A Property of the Clan

Director Phillip Rouse has taken a retro Australian classic and staged it with a sting of embarrassing relevance to today.
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Photo by Phyllis Wong.

Much like quadratic equations and Scott Cain, the winner of Popstars season 3, Nick Enright’s A Property of the Clan is something I haven’t thought much about since I was in high school. It’s a text much-loved by drama teachers Australia-wide, with its age-appropriate characters for high school students, themes convenient to forming assessment tasks around, and a bag of issues that teenagers can relate to: peer pressure, bullying, drug abuse, and violence.

The play is based on the 1989 murder of NSW schoolgirl Leigh Leigh. Tracy Warner is talked about at school as being ‘that girl’. You know the one. Who everyone knows likes a good time. (That you probably know what I’m talking about suggests our language is completely screwed up around gender roles.) She goes to a party and is found dead the next morning, having been raped and murdered. The school and greater community unravel as accusations are made, fingers pointed, and the terrible truth spills out.

At the time of studying this play in high school, I remember thinking that the its message was ‘don’t go to parties because drugs and drinking are bad’. Blancmange Productions’ staging has each role unashamedly played by a fully adult cast. What results is a crystal clear examination of adolescence and our attitudes towards young women and men; a discussion that’s made more interesting and complex by removing the teenage angst and hormonal confusion of being 16 years old.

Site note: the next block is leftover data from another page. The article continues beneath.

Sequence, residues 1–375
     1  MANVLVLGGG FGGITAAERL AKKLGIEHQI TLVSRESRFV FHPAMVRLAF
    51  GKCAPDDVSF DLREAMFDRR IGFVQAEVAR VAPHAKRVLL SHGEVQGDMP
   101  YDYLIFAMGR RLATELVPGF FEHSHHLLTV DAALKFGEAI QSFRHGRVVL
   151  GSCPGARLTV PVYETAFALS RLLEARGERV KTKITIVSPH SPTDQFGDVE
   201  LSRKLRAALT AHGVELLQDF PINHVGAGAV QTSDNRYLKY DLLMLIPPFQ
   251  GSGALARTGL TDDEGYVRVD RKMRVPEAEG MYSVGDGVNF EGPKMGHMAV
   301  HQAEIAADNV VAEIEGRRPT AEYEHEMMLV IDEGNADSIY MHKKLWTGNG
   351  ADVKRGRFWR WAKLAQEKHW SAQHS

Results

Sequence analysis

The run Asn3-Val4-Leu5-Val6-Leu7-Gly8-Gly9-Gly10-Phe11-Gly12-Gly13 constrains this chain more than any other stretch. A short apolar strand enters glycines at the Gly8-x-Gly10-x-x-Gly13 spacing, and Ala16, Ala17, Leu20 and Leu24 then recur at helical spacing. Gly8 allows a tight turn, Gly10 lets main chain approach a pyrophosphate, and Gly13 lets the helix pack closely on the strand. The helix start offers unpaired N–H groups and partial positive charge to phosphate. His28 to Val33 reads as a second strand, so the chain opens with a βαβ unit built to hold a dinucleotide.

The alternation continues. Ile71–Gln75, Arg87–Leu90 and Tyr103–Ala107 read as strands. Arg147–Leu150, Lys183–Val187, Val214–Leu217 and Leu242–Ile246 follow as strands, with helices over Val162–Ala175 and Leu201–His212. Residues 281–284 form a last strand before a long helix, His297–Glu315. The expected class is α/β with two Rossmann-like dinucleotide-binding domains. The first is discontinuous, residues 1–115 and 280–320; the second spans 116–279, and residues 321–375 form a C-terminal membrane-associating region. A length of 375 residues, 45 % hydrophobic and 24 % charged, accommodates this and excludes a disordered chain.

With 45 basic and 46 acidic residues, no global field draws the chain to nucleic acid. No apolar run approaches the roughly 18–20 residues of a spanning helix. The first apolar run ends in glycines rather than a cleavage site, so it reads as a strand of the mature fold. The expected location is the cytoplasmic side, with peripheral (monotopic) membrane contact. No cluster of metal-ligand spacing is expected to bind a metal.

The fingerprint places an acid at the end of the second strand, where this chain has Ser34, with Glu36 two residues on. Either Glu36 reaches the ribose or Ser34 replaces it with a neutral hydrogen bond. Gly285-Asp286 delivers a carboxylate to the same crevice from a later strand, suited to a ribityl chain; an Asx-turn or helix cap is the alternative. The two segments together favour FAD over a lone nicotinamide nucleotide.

Megan Drury who plays the dual roles of Mum and Rachel, and Samantha Young who plays the school teacher and Jade, avoid any pressure to overplay teenage awkwardness, and instead are funny and sensitive. The boys of the cast, Jack Starkey-Gill who plays Ricko and Toby, and George Banders who plays Jared, present pitch-perfect performances – especially painfully accurate Year 11 English Orals. Each move comfortably between dual characters with little fuss, despite some of the staging making emotionally bigger scenes a little claustrophobic.

Director Phillip Rouse has taken a retro Australian classic and staged it with a sting of embarrassing relevance to today. This is a production that simply and unashamedly puts the conversation around violence against women centre-stage. Enright’s text asks the same questions more clearly than certainly I could appreciate at high school; questions we should be asking of every young person in our lives: what can we do to stop violence against women? How can we educate and communicate with young men around their roles and responsibilities and in a world which places such demanding and conflicting societal behavioural expectations upon them? What can we do to practically contribute to the greater conversation? It’s embarrassing to think that these questions were asked so publicly and boldly in the early 90s, and yet here we are in 2015, with such questions still unanswered.

The set features a plastic wall by production designer, Martelle Hunt, that the characters smear, splatter and paint on, cleverly incorporating it in and out of the action throughout the show. This feature supports the scenes well throughout and Philip Paterson’s lighting behind this clear wall adds to the drama (though there is perhaps too much lighting drama for such an intimate space). There’s a 90s soundtrack which does well to capture the time, and ​the play rockets along – it’s an easy watch at 90 minutes.

If you have a teenager in your life (18 or over, because it’s a licensed venue) you should find a way to drag them with you to this performance. It’s good theatre with a great message.

Rating: 3.5 stars out of 5

A Property of the Clan
Writer: Nick Enright
Director: Phillip Rouse
Producer: Stephen Carnell
Production Designer: Martelle Hunt
Lighting Designer: Philip Paterson
Assistant Director: Anne Britto
Stage Manager: Peter Truong
Cast: George Banders, Megan Drury, Jack Starkey-Gill, Samantha Young

Blood Moon Theatre, Kings Cross
29 September – 17 October 2015

Kyle Walmsley
About the Author
Kyle Walmsley is a writer, performer and creative producer. You can read more of his writing at